Although researchers have proposed many sites for the location of the Garden of Eden described in the book of Genesis in the Bible, including Mongolia, India, Ethiopia and Israel, most historians and theologians place it in modern-day Iraq, somewhere along the Tigris-Euphrates Valley. The main clue in Genesis is the description of the confluence of four rivers, three of which have ancient names.
The second chapter of Genesis says that the Garden of Eden was east of the author's location. A river that separated into four parts flowed through the garden. The river Pison encompassed the land of Havilah, where there was gold, bdellium and onyx stones. The river Gihon encompassed the land of Ethiopia. The river Hiddekel was east of Assyria, and the fourth river was the Euphrates. Only the river Euphrates retains the same name. Most researchers presume the Hiddekel is the river Tigris, which flows from Turkey into Iraq. They hypothesize that the Gihon is the Karun River in Iran, and that Ethiopia was translated as Gush or Kush. Satellite photos support the theory that the river Pison is a fossil river, now known as the Wadi Batin, which used to flow through the Arabian Peninsula and empty into the Persian Gulf.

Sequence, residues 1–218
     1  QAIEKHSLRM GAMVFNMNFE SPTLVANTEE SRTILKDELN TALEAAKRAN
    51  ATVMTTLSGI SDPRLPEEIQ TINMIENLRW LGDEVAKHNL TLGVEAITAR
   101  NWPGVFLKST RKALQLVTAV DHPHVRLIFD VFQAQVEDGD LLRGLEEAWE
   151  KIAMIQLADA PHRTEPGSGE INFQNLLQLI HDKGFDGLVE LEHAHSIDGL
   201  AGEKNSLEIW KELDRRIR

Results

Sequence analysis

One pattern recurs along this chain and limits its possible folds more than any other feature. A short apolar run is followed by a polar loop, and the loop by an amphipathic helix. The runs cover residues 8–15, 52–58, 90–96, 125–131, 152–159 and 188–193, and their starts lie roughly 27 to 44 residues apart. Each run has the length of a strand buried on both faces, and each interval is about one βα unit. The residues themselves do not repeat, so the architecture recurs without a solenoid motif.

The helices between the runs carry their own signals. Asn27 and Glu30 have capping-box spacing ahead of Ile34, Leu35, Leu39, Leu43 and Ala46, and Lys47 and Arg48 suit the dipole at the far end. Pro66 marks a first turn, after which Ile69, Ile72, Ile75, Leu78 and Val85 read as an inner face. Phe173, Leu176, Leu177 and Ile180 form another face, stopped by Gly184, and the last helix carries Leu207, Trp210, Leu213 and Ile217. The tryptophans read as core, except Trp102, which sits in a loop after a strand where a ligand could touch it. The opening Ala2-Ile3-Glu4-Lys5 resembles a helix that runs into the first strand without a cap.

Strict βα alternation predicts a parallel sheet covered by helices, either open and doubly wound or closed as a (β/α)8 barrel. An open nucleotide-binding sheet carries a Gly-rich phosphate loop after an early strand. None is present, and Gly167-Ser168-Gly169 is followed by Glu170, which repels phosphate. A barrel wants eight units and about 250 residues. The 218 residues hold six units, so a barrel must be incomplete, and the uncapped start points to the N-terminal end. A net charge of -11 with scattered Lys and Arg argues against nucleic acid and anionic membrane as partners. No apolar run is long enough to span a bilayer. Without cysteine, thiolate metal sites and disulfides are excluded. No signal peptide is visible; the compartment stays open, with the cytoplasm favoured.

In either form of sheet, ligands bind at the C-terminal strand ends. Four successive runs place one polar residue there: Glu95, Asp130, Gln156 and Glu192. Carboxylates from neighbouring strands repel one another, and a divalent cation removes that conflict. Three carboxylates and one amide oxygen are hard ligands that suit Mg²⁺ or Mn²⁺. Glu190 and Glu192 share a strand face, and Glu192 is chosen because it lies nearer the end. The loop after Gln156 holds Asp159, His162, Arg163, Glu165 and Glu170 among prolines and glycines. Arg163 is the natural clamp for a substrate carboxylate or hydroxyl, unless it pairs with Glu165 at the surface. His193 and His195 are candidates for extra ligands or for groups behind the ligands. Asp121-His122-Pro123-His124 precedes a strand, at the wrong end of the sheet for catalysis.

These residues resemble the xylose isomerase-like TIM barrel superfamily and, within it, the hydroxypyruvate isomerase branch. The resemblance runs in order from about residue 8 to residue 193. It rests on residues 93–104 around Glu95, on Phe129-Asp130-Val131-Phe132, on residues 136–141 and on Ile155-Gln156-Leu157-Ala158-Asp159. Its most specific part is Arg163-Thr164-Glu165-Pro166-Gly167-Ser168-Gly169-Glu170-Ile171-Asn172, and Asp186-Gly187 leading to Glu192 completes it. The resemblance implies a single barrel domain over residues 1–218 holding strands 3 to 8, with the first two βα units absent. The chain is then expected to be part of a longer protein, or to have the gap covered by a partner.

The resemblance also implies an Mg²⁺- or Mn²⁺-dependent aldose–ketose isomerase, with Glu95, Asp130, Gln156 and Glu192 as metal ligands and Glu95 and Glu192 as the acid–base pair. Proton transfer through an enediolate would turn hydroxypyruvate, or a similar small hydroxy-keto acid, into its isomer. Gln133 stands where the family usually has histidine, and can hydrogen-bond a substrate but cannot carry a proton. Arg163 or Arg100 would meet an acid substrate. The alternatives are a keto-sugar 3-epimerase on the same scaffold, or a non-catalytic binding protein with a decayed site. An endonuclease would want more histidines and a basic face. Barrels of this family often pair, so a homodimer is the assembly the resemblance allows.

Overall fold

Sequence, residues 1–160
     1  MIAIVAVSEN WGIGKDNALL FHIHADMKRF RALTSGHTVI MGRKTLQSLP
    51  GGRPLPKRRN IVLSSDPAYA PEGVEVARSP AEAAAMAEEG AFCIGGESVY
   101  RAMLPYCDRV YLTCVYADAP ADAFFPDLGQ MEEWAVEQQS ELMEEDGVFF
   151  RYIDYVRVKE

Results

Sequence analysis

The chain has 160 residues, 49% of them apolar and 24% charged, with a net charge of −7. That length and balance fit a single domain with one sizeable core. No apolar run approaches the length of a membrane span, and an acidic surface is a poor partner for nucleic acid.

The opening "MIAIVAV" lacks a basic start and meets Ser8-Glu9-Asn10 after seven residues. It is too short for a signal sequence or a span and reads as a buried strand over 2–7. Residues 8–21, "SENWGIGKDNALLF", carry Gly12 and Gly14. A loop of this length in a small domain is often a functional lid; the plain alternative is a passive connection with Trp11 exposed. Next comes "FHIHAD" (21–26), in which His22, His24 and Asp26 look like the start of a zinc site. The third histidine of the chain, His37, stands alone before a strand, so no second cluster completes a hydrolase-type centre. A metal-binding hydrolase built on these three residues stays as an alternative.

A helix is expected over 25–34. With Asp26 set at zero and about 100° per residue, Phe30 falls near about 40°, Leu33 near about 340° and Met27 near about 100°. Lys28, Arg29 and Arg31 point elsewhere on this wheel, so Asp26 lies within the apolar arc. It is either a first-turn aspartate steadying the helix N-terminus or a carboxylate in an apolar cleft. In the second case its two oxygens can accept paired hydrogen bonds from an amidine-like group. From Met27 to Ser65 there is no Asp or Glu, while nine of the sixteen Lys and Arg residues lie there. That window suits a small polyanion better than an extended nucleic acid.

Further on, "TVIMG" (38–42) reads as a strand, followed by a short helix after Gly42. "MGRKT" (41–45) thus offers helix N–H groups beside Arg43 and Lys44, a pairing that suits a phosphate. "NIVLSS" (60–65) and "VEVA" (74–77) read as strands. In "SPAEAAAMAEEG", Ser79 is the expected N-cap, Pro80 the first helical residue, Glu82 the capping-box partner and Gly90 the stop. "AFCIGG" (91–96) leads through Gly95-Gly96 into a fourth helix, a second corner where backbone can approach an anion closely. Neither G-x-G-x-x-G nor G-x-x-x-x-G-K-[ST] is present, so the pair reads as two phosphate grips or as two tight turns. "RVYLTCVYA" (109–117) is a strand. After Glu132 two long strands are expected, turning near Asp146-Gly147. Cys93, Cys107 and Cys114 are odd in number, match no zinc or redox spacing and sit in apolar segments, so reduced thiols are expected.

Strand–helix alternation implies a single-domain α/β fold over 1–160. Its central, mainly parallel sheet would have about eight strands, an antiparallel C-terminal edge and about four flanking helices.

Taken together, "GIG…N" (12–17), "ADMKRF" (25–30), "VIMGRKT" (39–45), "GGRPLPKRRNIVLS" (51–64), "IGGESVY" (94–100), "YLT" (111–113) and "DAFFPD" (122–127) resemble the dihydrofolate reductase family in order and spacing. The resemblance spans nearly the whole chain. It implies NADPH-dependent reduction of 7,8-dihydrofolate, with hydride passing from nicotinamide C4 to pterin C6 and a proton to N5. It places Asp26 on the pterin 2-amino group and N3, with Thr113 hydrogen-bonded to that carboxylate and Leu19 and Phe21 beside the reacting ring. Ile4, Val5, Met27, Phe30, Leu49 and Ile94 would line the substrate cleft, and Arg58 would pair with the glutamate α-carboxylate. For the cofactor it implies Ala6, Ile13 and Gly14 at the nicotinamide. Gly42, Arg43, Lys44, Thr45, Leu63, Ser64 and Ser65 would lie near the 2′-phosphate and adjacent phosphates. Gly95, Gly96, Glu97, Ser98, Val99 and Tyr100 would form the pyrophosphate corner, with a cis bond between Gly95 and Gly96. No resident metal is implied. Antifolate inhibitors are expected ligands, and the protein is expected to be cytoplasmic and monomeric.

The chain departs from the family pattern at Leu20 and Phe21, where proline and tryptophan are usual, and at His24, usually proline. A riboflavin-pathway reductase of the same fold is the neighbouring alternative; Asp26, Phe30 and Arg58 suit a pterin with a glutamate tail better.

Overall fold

Some researchers propose that the Garden of Eden was at the headwaters of the Tigris and Euphrates Rivers in what is now Turkey or Azerbaijan. Others claim it was at the point where the Tigris and Euphrates Rivers run into the sea. A recent theory claims that it was at an ancient confluence of the Tigris and Euphrates Rivers that is now covered by the waters of the Persian Gulf.